rates = [0.005, 0.006, 0.0072, 0.0087, 0.0101, 0.0115, 0.0126]
rates_pillars = pd.PeriodIndex(freq='D', data=['2021-04-25', '2021-06-01', '2021-08-01', '2021-12-01', '2022-04-01', 
                                              '2022-12-01', '2023-12-01'])
ir_curve = pd.Series(data=rates, index=rates_pillars).resample('D').asfreq('D').interpolate(method='linear')

def settlement_rule(delivery_date):
    return delivery_date.asfreq('M').asfreq('D', 'end') + 20

# Call the three-factor seasonal model
three_factor_results = three_factor_seasonal_value(
    cmdty_storage = storage_with_ratchets,
    val_date = '2021-04-25',
    inventory = 1500.0,
    fwd_curve = fwd_curve,
    interest_rates = ir_curve,
    settlement_rule = settlement_rule,
    num_sims = 2000,
    seed = 12,
    spot_mean_reversion = 91.0,
    spot_vol = 0.85,
    long_term_vol =  0.30,
    seasonal_vol = 0.19,
    basis_funcs = '1 + x_st + x_sw + x_lt + s + x_st**2 + x_sw**2 + x_lt**2 + s**2 + s * x_st',
    discount_deltas = True

# Inspect the NPV results
print('Full NPV:\t{0:,.0f}'.format(three_factor_results.npv))
print('Intrinsic NPV: \t{0:,.0f}'.format(three_factor_results.intrinsic_npv))
print('Extrinsic NPV: \t{0:,.0f}'.format(three_factor_results.extrinsic_npv))

Prints the following.

Full NPV:	78,175
Intrinsic NPV: 	40,976
Extrinsic NPV: 	37,199

For comprehensive documentation of invoking the LSMC model, using both the three-factor price model, a more general multi-factor model, or using externally provided simulations, see the notebook multifactor_storage.ipynb.

Inspecting Valuation Results

The object returned from the calling three_factor_seasonal_value has many properties containing useful information. The code below give examples of a few of these. See the Valuation Results section of multifactor_storage.ipynb for more details.

Plotting the daily Deltas and projected inventory:

%matplotlib inline
ax_deltas = three_factor_results.deltas.plot(title='Daily Deltas vs Projected Inventory', legend=True, label='Delta')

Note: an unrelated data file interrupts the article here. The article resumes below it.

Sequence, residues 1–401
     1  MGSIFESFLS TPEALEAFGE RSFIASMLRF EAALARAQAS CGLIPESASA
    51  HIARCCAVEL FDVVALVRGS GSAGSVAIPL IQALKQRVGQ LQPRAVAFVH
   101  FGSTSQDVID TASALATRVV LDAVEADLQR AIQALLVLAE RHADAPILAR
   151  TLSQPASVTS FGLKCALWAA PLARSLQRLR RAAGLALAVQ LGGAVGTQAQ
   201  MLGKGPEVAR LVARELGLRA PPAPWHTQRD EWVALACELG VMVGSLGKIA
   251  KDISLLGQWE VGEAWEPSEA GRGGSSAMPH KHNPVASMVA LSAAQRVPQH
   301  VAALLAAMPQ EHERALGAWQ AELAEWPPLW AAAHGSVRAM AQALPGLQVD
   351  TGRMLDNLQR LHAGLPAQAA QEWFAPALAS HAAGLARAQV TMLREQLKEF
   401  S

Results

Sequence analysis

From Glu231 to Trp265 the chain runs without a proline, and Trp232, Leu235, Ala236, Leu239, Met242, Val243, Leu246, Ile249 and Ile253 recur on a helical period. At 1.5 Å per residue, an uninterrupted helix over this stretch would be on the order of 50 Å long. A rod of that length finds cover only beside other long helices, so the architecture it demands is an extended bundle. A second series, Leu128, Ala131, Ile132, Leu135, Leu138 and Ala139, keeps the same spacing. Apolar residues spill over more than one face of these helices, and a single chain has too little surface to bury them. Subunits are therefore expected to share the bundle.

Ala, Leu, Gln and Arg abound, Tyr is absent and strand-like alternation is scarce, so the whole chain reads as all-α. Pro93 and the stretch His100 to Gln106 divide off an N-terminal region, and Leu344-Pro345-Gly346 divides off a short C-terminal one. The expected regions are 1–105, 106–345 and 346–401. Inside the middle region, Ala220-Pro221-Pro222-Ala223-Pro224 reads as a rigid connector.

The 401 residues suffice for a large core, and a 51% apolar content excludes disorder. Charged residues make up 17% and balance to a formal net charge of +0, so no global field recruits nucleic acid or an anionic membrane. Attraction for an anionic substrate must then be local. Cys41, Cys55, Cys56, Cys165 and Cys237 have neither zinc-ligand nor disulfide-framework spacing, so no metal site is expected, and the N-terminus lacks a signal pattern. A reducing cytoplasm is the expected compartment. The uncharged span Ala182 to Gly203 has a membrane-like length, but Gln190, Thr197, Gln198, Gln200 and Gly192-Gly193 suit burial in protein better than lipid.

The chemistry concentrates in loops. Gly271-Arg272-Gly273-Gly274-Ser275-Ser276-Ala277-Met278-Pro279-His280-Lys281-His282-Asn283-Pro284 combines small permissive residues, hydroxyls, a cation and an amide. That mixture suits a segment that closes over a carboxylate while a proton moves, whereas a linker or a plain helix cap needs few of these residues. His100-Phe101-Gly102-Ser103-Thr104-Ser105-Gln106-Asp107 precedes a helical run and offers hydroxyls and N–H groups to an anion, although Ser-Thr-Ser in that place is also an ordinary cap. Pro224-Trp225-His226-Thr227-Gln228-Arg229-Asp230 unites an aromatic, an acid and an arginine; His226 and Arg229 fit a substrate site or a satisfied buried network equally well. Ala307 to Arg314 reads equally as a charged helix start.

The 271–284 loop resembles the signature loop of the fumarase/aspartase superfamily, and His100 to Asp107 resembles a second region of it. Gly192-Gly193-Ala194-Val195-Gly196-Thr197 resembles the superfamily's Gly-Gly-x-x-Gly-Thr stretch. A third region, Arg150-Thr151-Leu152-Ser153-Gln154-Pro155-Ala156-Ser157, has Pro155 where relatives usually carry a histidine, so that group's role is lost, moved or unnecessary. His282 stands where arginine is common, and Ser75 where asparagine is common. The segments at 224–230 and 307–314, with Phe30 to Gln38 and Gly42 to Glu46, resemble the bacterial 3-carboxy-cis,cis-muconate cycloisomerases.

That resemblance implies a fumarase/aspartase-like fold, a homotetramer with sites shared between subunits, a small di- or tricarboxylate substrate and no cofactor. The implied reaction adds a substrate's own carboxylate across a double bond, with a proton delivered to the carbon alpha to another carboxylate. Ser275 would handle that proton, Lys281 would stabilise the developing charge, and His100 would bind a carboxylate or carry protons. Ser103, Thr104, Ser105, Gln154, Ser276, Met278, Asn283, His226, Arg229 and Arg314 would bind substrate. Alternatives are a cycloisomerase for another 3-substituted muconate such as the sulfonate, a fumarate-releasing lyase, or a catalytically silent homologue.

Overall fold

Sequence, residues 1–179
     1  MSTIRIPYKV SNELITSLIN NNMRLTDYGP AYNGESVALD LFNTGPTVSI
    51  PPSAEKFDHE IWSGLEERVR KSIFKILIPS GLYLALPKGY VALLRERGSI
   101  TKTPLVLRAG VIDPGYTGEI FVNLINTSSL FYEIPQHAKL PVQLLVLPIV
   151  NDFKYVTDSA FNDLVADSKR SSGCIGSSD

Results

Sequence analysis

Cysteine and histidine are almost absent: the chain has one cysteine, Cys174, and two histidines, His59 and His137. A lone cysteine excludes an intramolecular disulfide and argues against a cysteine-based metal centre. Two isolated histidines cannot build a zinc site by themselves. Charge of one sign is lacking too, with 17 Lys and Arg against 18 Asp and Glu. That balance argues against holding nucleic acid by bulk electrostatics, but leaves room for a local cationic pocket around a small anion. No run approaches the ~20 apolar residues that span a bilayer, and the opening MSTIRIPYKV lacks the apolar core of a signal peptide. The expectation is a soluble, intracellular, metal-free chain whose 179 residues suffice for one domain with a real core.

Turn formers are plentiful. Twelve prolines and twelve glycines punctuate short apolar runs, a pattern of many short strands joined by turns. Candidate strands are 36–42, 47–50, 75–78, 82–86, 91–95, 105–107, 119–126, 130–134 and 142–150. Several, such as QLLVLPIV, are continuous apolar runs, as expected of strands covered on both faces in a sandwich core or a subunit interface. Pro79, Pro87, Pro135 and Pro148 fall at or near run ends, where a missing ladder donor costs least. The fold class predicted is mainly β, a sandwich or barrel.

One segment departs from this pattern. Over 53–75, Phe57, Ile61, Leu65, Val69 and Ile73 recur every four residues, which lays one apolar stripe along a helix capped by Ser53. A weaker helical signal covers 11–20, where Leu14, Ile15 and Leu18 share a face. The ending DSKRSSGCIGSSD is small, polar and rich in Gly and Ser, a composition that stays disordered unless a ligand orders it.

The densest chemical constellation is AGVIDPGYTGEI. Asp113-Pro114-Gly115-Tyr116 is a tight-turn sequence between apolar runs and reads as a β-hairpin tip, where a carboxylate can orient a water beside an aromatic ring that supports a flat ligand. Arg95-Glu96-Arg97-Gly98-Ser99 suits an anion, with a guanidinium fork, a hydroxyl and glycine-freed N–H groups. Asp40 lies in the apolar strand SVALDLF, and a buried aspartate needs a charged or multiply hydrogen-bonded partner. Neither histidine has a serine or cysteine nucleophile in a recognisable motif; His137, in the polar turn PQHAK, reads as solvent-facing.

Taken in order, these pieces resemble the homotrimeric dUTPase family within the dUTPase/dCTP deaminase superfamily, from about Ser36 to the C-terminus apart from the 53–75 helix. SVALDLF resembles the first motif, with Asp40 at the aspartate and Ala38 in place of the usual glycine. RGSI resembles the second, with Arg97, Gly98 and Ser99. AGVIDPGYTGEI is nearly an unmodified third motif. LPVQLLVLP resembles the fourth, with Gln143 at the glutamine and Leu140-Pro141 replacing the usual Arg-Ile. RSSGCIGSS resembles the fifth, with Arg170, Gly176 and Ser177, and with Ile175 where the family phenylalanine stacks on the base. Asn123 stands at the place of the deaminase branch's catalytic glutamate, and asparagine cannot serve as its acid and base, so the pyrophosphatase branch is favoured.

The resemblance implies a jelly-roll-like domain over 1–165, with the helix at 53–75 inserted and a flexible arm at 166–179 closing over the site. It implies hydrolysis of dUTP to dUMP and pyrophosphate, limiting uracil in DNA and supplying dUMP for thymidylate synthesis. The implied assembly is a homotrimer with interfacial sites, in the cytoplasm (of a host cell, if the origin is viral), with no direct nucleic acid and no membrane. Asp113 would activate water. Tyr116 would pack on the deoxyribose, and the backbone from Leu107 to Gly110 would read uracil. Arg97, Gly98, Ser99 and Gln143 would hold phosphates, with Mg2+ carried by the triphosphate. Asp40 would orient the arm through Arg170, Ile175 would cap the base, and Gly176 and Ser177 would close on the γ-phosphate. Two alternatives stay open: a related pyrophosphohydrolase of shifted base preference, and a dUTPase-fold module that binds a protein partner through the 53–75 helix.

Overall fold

inventory_projection = three_factor_results.expected_profile['inventory']
ax_inventory = inventory_projection.plot(secondary_y=True, legend=True, ax=ax_deltas, label='Expected Inventory')
h1, l1 = ax_deltas.get_legend_handles_labels()
h2, l2 = ax_inventory.get_legend_handles_labels()
ax_deltas.legend(h1+h2, l1+l2, loc=1)

Delta Chart

The trigger_prices property contains information on "trigger prices" which are approximate spot price levels at which the exercise decision changes.

  • The withdraw trigger price is the spot price level, at time of nomination, above which the optimal decision will change to withdraw.
  • The inject trigger price is the spot price level, at time of nomination, below which the optimal decision will change to inject.

Plotting the trigger prices versus the forward curve:

%matplotlib inline
ax_triggers = three_factor_results.trigger_prices['inject_trigger_price'].plot(
    title='Trigger Prices vs Forward Curve', legend=True)
fwd_curve['2021-04-25' : '2022-04-01'].plot(legend=True)
ax_triggers.legend(['Inject Trigger Price', 'Withdraw Trigger', 'Forward Curve'])

Trigger Prices Chart

Example GUI

An example GUI notebook created using Jupyter Widgets can be found here.

Demo GUI

.NET Dependency For non-Windows OS

As Cmdty.Storage is mostly written in C# it requires the .NET runtime to be installed to execute. The dlls are targetting .NET Standard 2.0 which is compatible with .NET Framework versions 4.6.1 upwards. A version of .NET Framework meeting this restriction should be installed on most Windows computers, so nothing extra is required.

If running on a non-Windows OS then the runtime of a cross-platform type of .NET will be required. .NET Standard is compatible with .NET and Mono, with the former being recommended. For the Python package, by default it will try to use .NET, and if this isn't installed it will try Mono. See the Microsoft documentation on installing the .NET runtime on Linux and on macOS.

Workaround for Crashing Python Interpreter

In some environments the valuation calculations have been observed to crash the Python interpretter. This is due to the use of Intel MKL, which itself loads libiomp5md.dll, the OpenMP threading library. The crash occurs during the initialisation of libiomp5md.dll, due to this dll already having been initialised, presumably by Intel MKL usage from NumPy. The below code is a workaround to fix to fix this by setting the KMP_DUPLICATE_LIB_OK environment variable to true.

import os

The code should be run at the start of any notebook or program.

Curve Construction Package

To construct the storage model forward curve inputs see the curves package which provides tools for building commodity forward, swaps, and futures curves.